A Medical Device Daily
VirtualScopics (Rochester, New York), a provider of imaging solutions using biomarkers for pharmaceutical development, reported that it is providing analytical and imaging services to Wyeth Pharmaceuticals (Madison, New Jersey) for a Phase I clinical trial for a drug being studied as a potential treatment for muscle wasting.
VirtualScopics uses its suite of image analysis algorithms to detect and analyze biological structures from medical image data, such as computed tomography (CT) or MRI scans.
VirtualScopics' computer-assisted analysis technique is designed for faster, more reliable detection of disease progression or therapeutic benefit, accelerating the clinical trial process, and providing for future diagnostic applications, it said. Its algorithms process hundreds of medical images taken during an MRI or CT session into a single, anatomically accurate 3-D model, providing researchers a previously unobtainable source of reproducible data, including characterization of minute changes over time, according to the company.
The firm evolved from research initially undertaken at the Medical Center and School of Engineering at the University of Rochester.
In other award news:
• LifePoint (Ontario, California), a provider of non-invasive drug diagnostics and solutions, reported that the company will sub-license its exclusive rights to saliva-testing technology acquired from the U.S. Navy.
This strategy is in addition to completing "fixes" now under way with its current Impact system that are designed to enhance its marketplace capability, the company said.
LifePoint has developed an "on-site" diagnostic system using saliva rather than traditional blood or urine systems. LifePoint's system is based on a license of U.S. Navy patents for saliva-based "flow immunosensor" technology, providing it with exclusive rights to commercialize all saliva-based diagnostics using the technology.
"On the current product front, we intend to resolve the two or three most serious operational problems being experienced with the existing Impact system as quickly as possible," Wadley said. "Our goal is to provide existing customers and prospects with a testing system that provides more consistent and accurate results than the current product is providing." He added: [W]e are optimistic that satisfactory solutions will be found over the next few months . . . . Beyond that, however, we intend to start leveraging our exclusive worldwide license rights to all saliva-based flow immunosensor' diagnostics."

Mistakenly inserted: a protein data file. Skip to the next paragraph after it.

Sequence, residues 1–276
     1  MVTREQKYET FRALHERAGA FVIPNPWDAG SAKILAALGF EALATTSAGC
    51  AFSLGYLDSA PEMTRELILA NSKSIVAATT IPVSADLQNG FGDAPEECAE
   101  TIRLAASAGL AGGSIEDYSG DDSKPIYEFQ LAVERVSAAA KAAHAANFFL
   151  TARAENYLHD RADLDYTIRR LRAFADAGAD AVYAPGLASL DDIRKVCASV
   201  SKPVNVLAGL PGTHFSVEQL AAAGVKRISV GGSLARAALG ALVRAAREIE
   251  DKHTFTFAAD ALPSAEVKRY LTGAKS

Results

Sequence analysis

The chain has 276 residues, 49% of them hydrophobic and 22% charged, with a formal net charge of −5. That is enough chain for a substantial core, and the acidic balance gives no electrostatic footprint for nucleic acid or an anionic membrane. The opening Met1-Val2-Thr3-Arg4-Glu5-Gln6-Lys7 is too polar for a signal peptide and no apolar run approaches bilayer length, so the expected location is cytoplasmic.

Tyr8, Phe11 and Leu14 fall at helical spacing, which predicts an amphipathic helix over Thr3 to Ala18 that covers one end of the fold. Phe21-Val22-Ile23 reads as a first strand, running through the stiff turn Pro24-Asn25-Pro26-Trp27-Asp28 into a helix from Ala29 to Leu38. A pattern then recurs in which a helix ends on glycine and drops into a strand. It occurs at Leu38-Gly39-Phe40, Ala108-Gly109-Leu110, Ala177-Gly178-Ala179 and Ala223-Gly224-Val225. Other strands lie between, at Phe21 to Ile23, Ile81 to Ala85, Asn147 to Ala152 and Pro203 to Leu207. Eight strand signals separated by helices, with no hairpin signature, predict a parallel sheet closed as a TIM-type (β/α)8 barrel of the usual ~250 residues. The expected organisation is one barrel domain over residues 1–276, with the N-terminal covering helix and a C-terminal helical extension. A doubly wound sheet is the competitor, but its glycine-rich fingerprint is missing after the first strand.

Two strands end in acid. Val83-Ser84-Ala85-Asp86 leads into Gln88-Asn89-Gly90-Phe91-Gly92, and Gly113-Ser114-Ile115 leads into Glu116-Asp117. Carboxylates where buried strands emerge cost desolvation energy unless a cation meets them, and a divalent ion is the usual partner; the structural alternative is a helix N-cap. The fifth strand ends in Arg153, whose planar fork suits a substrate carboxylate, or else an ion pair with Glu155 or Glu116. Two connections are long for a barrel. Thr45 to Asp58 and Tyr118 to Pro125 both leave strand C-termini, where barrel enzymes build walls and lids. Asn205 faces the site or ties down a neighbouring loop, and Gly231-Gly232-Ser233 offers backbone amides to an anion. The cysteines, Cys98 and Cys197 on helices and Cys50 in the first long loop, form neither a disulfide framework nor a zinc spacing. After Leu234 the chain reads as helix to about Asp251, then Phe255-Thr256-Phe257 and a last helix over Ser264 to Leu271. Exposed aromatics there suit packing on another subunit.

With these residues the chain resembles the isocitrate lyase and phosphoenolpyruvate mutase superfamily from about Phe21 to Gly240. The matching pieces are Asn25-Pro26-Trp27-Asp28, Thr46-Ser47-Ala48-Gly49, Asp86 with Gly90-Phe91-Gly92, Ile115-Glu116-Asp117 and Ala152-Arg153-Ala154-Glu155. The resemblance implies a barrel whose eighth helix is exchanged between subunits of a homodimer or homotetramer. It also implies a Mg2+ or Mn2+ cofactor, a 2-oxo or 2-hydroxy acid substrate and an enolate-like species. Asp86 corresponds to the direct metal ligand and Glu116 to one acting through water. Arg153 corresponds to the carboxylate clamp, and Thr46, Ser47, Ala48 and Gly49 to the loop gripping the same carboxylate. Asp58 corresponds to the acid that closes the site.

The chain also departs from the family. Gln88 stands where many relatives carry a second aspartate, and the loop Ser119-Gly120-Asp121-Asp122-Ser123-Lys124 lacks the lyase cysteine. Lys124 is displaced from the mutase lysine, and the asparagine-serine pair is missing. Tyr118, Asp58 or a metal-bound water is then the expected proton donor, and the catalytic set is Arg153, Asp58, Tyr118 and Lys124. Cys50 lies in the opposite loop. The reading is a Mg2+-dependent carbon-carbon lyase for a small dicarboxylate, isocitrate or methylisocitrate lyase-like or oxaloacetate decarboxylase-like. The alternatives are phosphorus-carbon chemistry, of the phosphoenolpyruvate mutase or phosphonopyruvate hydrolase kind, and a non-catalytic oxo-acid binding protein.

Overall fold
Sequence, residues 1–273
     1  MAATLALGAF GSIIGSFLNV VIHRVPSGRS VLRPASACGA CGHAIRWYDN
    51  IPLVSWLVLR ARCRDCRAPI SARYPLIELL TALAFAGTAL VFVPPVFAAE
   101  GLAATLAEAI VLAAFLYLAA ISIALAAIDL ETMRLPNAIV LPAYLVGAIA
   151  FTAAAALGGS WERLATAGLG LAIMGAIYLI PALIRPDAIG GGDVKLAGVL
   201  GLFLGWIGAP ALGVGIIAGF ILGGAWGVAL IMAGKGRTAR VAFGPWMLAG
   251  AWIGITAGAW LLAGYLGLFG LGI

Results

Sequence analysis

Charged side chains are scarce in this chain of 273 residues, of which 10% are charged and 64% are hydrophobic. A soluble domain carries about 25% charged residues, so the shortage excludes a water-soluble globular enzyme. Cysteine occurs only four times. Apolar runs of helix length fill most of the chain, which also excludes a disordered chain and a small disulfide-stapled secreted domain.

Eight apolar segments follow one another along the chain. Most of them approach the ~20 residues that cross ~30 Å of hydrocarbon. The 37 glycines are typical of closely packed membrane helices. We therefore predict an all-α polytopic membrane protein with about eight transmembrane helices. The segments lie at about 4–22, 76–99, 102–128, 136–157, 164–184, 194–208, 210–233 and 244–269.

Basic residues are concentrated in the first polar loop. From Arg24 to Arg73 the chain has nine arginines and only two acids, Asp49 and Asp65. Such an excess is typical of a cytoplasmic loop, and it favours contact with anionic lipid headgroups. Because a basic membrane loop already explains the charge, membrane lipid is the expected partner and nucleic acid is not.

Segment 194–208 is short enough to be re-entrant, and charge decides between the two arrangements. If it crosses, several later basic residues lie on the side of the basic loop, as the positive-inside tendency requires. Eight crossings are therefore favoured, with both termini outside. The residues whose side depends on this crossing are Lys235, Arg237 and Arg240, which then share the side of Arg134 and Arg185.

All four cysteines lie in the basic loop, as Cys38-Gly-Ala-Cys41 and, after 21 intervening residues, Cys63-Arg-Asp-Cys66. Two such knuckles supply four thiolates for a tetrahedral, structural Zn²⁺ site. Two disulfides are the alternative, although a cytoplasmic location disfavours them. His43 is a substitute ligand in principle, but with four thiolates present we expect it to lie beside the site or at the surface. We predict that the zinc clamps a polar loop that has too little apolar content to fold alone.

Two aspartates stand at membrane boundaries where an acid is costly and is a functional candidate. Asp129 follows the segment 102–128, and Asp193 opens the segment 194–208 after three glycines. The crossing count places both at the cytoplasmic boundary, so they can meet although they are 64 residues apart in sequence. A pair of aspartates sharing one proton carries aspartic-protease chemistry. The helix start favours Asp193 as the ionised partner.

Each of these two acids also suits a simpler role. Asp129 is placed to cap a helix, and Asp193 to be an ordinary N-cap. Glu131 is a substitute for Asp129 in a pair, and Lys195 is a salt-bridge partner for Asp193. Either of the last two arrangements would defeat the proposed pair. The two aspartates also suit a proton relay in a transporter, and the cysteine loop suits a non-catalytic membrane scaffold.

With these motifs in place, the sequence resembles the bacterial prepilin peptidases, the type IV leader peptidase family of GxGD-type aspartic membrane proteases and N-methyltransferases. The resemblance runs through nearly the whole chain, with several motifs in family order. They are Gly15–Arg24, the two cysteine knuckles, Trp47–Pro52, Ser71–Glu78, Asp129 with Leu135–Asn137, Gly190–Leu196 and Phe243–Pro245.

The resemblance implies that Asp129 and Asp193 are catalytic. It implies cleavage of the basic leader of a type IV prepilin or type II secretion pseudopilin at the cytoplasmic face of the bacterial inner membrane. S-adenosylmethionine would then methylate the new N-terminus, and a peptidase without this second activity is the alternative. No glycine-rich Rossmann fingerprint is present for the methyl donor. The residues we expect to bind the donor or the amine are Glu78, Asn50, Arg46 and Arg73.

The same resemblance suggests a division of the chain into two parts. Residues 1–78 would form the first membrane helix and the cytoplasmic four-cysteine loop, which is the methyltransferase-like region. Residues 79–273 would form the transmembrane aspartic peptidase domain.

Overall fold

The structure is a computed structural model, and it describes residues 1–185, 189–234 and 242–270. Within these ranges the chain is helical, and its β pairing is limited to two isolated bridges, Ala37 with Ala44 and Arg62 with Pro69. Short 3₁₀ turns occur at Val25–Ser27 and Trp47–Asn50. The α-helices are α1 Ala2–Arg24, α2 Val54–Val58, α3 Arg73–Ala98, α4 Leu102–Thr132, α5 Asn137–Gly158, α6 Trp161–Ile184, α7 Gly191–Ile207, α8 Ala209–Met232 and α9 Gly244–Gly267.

• ChondroGene (Toronto) reported receiving "a contribution" – the amount not disclosed – from the National Research Council's Industrial Research Assistance Program (NRC-IRAP) to support development of a blood-based molecular diagnostic assay able to detect early, asymptomatic osteoarthritis (OA), as well as stage its severity.
ChondroGene will use its Sentinel Principle to identify blood-based biomarkers that are associated with OA. Once validated, these biomarkers will form the basis of a diagnostic test.
Currently the treatments for osteoarthritis only target the symptoms of the disease, namely pain and inflammation, ChondroGene said. In the most severe cases, artificial joint replacement is the only treatment. Pharma companies are seeking to develop disease modifying osteoarthritis drugs (DMOADs) that will slow, stop the progression of disease or, ideally, reverse the process. These companies will require "a simple and effective way of detecting patients with early stage asymptomatic OA and monitoring the progress of disease during the development and clinical trials of DMOADs," the company said.